Confidence was still running high moments after the Maple Leafs sealed an overtime victory over the defending Stanley Cup champions.
“We played about as good as we could tonight,” said defenceman Jake Gardiner, who scored the winner in Toronto’s 2-1 triumph over the Pittsburgh Penguins. “But it also shows we can play with anybody.”
The Leafs had dropped three straight — including the last two by shootout — entering the night and six of the previous seven games (1-3-3) despite outshooting and often outplaying the opposition. A 41-shot barrage against Mike Smith and the Arizona Coyotes ended in a 3-2 shootout defeat two days earlier.
A once fiery offence had cooled, Toronto scoring two or less in each of those six losses and while they managed only a pair on Marc-Andre Fleury, the Leafs outshot the Penguins 49-34 while finishing with a 58 per cent puck possession mark at even strength.
Things nearly went the wrong way for Toronto in the early going, Carl Hagelin held up on a break-away attempt in the opening minutes and awarded a penalty shot. He was denied by Frederik Andersen, who finished with 33 saves.
Fleury was forced to exit the game shortly thereafter following a dangerous play in front of the Pittsburgh net.
Leafs winger James van Riemsdyk was tussling with Penguins defenceman Steve Oleksy when van Riemsdyk lost his balance partially, his left skate rising up and catching Fleury on the neck. The 32-year-old Fleury received treatment on the ice from a team trainer for a cut on his neck, located around the Adam’s apple, that required five stitches.
Fleury is back in net after taking a skate to the neck. He taps Murray’s pads as a thank you on his way back. pic.twitter.com/Ef3orI5gzn
“I got lucky you know. I was talking to the [doctors] and it was close to the jugular,” said Fleury.
Matt Murray took over for just over nine minutes before Fleury returned to the crease.
Pittsburgh went up 1-0 shortly after on Evgeni Malkin’s 13th goal of the year and 54th point in 32 career games against Toronto.
The Leafs evened it up 14 seconds later on Nikita Zaitsev’s first in the NHL. The 25 year old, a free agent signing from Russia last summer, fired a shot from the right point that was batted by Oleksy in front before caroming off Fleury’s mask and into the goal.
Afterward, a gushing Zaitsev said he felt like he was 17 again after finally scoring. He had family in town for the game, but they opted to watch from a bar as opposed to in person.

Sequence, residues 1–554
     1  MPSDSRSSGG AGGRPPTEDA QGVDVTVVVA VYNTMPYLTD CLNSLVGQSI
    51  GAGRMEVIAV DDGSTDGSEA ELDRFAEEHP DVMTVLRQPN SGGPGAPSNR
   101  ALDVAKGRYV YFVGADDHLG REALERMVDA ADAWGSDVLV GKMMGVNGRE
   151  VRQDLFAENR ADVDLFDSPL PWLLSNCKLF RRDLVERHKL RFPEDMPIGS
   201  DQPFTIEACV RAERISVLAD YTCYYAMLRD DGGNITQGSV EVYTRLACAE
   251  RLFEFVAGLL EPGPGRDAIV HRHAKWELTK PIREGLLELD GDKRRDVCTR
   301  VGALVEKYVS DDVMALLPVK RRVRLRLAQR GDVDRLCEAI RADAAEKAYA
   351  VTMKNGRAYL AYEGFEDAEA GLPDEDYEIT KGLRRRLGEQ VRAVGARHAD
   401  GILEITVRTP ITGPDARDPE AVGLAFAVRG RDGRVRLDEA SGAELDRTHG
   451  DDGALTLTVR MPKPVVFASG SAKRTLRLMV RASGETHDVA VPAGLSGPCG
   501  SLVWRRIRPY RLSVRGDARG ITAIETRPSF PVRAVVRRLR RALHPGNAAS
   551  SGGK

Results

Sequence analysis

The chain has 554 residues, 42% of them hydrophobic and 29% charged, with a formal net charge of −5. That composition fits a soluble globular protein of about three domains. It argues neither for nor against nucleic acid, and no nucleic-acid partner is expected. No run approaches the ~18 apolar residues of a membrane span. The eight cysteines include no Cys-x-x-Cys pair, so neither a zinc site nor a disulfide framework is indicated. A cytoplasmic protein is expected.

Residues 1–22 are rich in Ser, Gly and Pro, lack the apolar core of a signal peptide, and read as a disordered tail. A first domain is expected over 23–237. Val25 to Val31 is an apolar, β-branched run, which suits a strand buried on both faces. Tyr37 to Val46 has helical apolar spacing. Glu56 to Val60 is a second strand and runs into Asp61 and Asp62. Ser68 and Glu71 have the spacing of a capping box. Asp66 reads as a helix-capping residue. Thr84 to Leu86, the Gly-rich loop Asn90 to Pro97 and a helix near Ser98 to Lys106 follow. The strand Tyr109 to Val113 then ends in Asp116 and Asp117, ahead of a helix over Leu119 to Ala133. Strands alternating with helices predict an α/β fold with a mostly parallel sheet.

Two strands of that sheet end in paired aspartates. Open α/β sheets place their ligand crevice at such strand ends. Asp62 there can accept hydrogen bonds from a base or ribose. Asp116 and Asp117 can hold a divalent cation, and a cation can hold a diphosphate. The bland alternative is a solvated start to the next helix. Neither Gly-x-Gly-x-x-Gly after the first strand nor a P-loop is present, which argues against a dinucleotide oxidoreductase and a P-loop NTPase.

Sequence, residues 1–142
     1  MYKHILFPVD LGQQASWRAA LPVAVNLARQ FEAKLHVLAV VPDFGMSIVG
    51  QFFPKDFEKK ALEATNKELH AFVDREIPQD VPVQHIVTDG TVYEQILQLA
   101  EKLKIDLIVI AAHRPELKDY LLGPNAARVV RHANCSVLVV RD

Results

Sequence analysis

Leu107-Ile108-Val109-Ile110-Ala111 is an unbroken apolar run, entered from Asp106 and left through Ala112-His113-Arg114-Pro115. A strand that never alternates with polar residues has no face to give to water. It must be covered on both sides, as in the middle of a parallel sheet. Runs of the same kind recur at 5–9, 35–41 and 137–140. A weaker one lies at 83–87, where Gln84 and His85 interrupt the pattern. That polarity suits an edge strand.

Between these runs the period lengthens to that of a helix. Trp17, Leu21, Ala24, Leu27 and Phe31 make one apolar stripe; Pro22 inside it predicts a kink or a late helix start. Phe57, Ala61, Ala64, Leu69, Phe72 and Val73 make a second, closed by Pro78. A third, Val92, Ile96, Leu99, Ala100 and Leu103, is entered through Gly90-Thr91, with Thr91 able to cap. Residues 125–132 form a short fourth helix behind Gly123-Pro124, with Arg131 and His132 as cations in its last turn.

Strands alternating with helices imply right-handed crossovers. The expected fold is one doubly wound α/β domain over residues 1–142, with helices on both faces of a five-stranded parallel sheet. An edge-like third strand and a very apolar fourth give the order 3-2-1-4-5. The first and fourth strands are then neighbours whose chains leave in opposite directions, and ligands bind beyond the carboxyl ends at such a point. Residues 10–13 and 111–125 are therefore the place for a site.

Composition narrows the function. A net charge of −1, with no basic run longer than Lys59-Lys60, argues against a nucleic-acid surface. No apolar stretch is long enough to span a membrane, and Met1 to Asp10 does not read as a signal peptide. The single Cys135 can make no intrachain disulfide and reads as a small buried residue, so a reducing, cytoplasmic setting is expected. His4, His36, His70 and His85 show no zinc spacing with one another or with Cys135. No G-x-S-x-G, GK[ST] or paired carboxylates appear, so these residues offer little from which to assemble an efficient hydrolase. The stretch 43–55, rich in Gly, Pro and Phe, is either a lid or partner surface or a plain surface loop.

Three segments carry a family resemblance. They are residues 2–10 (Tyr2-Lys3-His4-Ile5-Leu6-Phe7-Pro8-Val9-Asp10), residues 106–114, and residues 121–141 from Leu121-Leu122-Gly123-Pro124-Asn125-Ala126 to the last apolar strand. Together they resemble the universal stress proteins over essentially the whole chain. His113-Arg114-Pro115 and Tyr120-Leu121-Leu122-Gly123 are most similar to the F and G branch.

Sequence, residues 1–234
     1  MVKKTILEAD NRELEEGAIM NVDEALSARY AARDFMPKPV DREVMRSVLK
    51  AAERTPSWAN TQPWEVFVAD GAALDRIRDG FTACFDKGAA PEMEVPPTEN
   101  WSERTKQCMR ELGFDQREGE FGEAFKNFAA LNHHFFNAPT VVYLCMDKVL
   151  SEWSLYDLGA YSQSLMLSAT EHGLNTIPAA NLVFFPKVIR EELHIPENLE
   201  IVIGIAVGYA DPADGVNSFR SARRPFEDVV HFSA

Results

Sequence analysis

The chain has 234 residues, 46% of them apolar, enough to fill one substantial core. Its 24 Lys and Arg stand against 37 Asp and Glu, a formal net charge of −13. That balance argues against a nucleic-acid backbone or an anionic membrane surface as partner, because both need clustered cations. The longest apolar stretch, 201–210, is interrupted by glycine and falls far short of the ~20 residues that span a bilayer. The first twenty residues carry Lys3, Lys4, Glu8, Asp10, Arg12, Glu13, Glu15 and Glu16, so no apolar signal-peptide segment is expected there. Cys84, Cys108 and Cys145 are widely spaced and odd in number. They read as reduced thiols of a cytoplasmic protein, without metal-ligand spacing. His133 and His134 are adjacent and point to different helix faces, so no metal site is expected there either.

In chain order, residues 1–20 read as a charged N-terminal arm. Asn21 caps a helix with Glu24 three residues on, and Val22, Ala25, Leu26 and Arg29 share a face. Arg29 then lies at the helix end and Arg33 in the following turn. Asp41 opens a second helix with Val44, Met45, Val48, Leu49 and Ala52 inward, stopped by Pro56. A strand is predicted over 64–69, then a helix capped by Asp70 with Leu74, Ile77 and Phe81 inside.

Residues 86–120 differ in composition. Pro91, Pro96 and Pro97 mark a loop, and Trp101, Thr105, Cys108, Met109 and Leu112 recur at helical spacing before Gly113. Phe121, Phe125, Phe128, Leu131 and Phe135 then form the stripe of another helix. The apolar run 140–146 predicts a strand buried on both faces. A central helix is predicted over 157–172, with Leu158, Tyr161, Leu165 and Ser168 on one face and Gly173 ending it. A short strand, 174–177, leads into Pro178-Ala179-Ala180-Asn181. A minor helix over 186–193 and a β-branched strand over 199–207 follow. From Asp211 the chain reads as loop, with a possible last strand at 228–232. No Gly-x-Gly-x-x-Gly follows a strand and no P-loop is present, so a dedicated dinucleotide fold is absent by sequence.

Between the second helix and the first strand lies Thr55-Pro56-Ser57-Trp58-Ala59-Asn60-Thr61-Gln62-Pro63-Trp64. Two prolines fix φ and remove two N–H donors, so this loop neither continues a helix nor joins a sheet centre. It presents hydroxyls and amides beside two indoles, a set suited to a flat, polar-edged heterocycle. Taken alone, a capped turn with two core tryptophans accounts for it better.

“It’s the joke of the day I think,” Zaitsev said afterward.
A furiously-paced second period saw the two teams combine for 29 shots and 53 shot attempts, Pittsburgh and Toronto ranked 1-2 in the NHL in shots per game.
Somewhat unlucky of late, Toronto had numerous chances around the Penguins net in the frame but produced nothing tangible.
“Shot counts have been through the roof,” Kadri said when asked about the Leafs inability to score in recent weeks. “Lots of opportunities. Sometimes you just run into some hot goaltenders and they’re hard to beat.”
Crosby shut down
Crosby, notably, was held to one assist and only two shots in a quiet 20 minutes of play. Toronto’s matchup fivesome of Kadri, Komarov, Zaitsev, Morgan Rielly and Connor Brown containing the Penguins captain.
Marner, who finished with two assists, instigated the overtime winner by chasing Penguins defenceman Derrick Pouliot behind the goal. After freeing the puck loose, he took it straight to the net, Fleury diving to intercept his attempt. The puck squirted to Gardiner, his shot trickling past Pouliot and into the goal.
The Leafs entered the night with a 1-7 record when the game went to either overtime over a shootout.
Saturday’s win, opposite a team with the second-best record in the NHL, was indeed a jolt of confidence.
“We have belief in this room and in order to be a good team you’ve got to believe you’re a good team,” Kadri said. “I think our confidence is growing. Even the games we do lose it seems like we should’ve won.”